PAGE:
The Landings at Cape Torokina, also known as Operation Cherryblossom, took place at the beginning of the Bougainville campaign in World War II. The amphibious landings were carried out by elements of the United States Marine Corps in November 1943 on Bougainville Island in the South Pacific, as part of Allied efforts to advance towards the main Japanese base around Rabaul under Operation Cartwheel. Coming in the wake of Allied successes at Guadalcanal and in the central Solomons, the landings were intended to secure a beachhead with the purpose of establishing several bases from which to project air and naval power closer towards Rabaul, in an effort to neutralize the large Japanese force that had been established there.
The Battle of Wickham Anchorage took place during the New Georgia Campaign in the Solomon Islands during the Pacific War from 30 June -3 July 1943. In the battle, a force of United States Marine Corps Raiders and United States Army soldiers landed by ship in Wickham Anchorage on Vangunu Island and attacked a garrison of Imperial Japanese Navy and Army troops. The purpose of the attack by the U.S. was to secure the lines of communication and supply between Allied forces involved in the New Georgia Campaign and Allied bases in the southern Solomons. The U.S. forces were successful in driving the Japanese garrison from the area and securing the anchorage.
The Drive on Munda Point was an offensive by mainly United States Army forces against Imperial Japanese forces on New Georgia in the Solomon Islands from 2–17 July 1943. The Japanese forces, mainly from the Imperial Japanese Army, were guarding an airfield at Munda Point on New Georgia that the U.S. wished to capture.
The Battle of Munda Point was a battle, from 22 July-4 August 1943, between primarily United States Army and Imperial Japanese Army forces during the New Georgia Campaign in the Solomon Islands in the Pacific War. In the battle, U.S. forces captured a Japanese airfield constructed at Munda Point on New Georgia.
The Battle of Bairoko was a battle between American and Imperial Japanese Army and Navy forces on 20 July 1943 during the New Georgia Campaign in the Solomon Islands during the Pacific War. In the battle, U.S. Marine Raiders—supported by two U.S. Army infantry battalions—attacked a Japanese garrison guarding the port of Bairoko on the Dragons Peninsula on New Georgia. The day-long assault on well-prepared Japanese defensive positions by the Americans was unsuccessful.
Operation Dexterity was a military operation, part of Operation Cartwheel in the South West Pacific Area (SWPA) for the Allies in the Pacific theater of World War II. The operation was directed by the Supreme Allied Commander in the SWPA, General Douglas MacArthur. Dexterity included amphibious landings at Arawe on 15 December 1943, and Cape Gloucester on 26 December 1943 in the northwest of New Britain, the capture of the Imperial Japanese held Tuluvu aerodrome on the 30 December 1943 and the amphibious landing at Saidor on 2 January 1944. The operation ended on 10 February 1944.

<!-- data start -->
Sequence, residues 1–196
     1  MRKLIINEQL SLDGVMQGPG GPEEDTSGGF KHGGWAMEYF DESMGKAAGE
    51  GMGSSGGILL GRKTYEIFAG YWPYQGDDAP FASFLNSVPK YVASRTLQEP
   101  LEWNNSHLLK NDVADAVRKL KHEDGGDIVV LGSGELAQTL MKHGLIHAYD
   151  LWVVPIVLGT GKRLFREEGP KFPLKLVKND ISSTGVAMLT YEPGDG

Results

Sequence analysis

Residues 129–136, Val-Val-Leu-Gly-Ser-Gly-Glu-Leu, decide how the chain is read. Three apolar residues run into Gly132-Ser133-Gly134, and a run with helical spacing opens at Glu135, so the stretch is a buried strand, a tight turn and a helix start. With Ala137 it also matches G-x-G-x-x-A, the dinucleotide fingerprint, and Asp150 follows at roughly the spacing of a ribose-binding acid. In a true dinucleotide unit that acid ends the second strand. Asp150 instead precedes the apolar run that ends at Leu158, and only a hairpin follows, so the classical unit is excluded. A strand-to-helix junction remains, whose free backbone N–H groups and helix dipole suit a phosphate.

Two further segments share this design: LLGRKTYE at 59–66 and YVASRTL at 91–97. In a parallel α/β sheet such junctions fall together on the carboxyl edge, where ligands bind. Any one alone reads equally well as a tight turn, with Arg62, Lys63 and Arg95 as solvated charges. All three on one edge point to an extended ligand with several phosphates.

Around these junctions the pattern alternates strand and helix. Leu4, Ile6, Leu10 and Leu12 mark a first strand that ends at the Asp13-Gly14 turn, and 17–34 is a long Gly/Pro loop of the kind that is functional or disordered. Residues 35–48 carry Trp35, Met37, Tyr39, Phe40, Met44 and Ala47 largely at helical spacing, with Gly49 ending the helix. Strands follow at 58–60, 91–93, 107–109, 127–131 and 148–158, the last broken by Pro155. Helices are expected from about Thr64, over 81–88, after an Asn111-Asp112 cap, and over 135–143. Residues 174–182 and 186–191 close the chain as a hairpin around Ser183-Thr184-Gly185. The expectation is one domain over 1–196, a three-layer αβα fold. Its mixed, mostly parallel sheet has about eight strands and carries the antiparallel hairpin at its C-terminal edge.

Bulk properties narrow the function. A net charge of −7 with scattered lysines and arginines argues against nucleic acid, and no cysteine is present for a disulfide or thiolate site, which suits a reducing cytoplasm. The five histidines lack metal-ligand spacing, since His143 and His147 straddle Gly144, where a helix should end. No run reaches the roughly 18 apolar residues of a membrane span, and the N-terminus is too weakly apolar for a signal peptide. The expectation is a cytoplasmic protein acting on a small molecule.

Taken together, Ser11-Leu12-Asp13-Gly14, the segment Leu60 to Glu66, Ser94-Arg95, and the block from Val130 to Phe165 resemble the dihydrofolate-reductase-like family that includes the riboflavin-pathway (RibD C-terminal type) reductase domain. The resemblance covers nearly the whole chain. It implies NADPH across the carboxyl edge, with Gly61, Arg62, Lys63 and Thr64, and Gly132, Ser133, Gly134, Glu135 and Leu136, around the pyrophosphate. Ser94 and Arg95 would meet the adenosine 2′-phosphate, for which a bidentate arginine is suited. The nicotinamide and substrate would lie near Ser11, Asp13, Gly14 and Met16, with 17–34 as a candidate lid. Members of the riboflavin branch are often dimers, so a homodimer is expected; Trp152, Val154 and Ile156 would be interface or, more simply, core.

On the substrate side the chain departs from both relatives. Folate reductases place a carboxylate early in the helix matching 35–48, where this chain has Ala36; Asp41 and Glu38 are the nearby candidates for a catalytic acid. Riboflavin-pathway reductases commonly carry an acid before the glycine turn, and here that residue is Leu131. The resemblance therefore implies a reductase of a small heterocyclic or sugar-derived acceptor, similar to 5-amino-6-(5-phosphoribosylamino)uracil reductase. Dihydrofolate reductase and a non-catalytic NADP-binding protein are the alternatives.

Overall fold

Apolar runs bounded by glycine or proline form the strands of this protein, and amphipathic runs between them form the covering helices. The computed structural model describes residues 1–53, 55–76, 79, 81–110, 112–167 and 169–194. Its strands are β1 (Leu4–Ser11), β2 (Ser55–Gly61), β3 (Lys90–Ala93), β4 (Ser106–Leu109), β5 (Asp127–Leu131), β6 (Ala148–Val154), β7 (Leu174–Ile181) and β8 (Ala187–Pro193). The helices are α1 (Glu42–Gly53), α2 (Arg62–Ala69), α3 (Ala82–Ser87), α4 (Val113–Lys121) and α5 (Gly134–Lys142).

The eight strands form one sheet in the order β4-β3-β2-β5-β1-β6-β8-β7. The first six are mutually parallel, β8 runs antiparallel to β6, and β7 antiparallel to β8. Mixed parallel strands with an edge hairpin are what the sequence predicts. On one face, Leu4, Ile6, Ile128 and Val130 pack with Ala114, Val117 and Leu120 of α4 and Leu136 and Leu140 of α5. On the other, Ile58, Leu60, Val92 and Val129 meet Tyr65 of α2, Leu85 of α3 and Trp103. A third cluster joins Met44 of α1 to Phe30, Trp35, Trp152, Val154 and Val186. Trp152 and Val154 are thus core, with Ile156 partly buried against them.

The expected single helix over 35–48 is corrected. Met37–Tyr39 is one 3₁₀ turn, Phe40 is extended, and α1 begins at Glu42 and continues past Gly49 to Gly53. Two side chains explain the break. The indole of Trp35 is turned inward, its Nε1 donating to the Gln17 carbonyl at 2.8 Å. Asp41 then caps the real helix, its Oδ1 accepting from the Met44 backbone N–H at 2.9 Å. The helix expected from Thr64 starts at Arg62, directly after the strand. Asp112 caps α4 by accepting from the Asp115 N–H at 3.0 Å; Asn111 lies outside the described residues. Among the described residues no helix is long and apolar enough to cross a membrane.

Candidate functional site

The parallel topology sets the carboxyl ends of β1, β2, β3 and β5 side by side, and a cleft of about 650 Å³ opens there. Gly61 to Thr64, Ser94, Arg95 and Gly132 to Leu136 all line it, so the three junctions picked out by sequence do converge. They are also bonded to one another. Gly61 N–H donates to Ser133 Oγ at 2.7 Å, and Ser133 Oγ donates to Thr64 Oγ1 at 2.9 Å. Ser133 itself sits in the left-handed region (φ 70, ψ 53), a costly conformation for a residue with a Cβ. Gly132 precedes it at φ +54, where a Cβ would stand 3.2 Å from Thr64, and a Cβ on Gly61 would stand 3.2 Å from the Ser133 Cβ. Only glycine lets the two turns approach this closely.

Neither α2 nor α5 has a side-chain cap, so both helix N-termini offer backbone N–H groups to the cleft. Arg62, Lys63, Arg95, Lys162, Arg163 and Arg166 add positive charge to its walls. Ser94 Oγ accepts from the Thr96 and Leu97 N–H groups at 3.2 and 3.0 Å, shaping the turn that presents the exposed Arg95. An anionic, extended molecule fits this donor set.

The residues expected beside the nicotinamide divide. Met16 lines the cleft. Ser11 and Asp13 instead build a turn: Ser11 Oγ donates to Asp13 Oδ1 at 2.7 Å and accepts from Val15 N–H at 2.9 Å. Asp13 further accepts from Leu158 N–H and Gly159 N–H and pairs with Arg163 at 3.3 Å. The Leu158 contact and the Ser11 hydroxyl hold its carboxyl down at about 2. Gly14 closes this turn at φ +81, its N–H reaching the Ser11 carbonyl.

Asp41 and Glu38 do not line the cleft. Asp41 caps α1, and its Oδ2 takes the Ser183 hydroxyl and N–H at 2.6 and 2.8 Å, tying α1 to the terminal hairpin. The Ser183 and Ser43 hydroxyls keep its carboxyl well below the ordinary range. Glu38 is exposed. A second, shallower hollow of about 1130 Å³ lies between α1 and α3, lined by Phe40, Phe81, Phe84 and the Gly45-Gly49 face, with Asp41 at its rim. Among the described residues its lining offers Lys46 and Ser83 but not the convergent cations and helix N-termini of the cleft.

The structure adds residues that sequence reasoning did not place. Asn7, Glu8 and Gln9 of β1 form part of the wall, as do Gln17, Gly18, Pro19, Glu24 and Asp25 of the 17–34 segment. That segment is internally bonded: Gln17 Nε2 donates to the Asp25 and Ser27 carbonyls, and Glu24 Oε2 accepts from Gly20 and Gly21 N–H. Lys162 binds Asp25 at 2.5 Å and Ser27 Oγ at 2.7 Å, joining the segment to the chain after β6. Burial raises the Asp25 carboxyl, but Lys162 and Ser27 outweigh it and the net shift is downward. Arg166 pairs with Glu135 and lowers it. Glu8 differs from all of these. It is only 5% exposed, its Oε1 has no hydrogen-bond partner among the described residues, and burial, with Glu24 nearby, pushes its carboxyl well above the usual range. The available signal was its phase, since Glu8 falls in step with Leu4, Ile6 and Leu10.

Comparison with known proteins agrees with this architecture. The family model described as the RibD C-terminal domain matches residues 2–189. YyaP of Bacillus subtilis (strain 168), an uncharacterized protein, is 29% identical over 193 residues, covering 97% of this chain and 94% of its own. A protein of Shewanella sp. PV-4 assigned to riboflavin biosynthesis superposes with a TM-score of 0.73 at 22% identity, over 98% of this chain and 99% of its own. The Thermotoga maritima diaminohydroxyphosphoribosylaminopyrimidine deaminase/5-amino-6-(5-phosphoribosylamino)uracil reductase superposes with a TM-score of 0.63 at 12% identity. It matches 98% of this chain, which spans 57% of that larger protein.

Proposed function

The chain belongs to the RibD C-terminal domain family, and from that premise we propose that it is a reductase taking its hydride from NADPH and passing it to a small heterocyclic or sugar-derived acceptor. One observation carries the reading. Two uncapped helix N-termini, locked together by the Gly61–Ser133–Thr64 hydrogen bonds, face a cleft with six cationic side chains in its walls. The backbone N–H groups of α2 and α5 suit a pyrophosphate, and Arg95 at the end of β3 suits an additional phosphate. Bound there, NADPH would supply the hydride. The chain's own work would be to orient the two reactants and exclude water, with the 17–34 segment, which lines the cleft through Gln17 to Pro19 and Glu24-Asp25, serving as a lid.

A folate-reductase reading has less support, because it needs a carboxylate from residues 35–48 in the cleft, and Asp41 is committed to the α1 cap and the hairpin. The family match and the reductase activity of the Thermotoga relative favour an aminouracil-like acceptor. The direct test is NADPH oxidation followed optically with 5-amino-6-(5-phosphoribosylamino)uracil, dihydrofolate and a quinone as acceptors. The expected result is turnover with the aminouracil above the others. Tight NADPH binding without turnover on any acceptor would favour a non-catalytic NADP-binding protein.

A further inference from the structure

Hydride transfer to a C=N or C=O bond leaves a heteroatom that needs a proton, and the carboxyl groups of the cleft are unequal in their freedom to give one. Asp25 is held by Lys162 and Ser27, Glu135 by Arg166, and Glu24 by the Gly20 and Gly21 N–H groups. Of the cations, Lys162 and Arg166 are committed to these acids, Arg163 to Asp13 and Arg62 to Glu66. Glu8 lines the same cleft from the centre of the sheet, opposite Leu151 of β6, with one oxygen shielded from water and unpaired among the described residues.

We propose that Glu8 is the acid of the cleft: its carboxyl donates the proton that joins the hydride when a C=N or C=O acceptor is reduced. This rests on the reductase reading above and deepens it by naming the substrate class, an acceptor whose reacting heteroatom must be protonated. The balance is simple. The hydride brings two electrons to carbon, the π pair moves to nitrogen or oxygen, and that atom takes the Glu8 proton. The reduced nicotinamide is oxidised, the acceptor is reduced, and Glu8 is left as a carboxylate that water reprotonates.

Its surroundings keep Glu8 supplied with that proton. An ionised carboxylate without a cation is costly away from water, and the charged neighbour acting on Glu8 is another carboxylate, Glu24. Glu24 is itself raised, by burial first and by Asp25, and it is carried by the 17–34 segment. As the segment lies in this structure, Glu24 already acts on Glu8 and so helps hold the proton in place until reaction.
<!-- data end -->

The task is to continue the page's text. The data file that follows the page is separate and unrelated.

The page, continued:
The Landing at Jacquinot Bay was an Allied amphibious operation undertaken on 4 November 1944 during the New Britain Campaign of World War II. The landing was conducted as part of a change in responsibility for Allied operations on New Britain. The Australian 5th Division, under Major General Alan Ramsay, took over from the US 40th Infantry Division, which was needed for operations in the Philippines. The purpose of the operation was to establish a logistics base at Jacquinot Bay on the south coast of New Britain to support the 5th Division's planned operations near the major Japanese garrison at Rabaul.
Operation I-Go was an aerial counter-offensive launched by Imperial Japanese forces against Allied forces during the Solomon Islands and New Guinea Campaigns in the Pacific Theater of World War II from 1–16 April 1943. In the operation, Japanese aircraft—primarily from Imperial Japanese Navy units under the command of Admirals Isoroku Yamamoto and Jinichi Kusaka—attacked Allied ships, aircraft, and land installations in the southeast Solomon Islands and New Guinea. The goal of the operation was to halt the Allied offensives in New Guinea and the Solomons and to give Japan time to prepare a new set of defenses in response to recent defeats to the Allies in the Battle of Guadalcanal and in New Guinea at Buna–Gona, Wau, and the Bismarck Sea.
Rabaul is a town in Eastern New Britain, Papua New Guinea. Japanese forces landed on Rabaul on 23 February 1942, capturing it in February of that year. The former Australian territory was transformed into a major Japanese naval and air installation. It was heavily relied on by the Japanese, and was used as a launching point for Japanese reinforcements to New Guinea and Guadalcanal. Throughout the Solomons Campaign, neutralizing Rabaul became the primary objective of the Allied effort in the Solomons.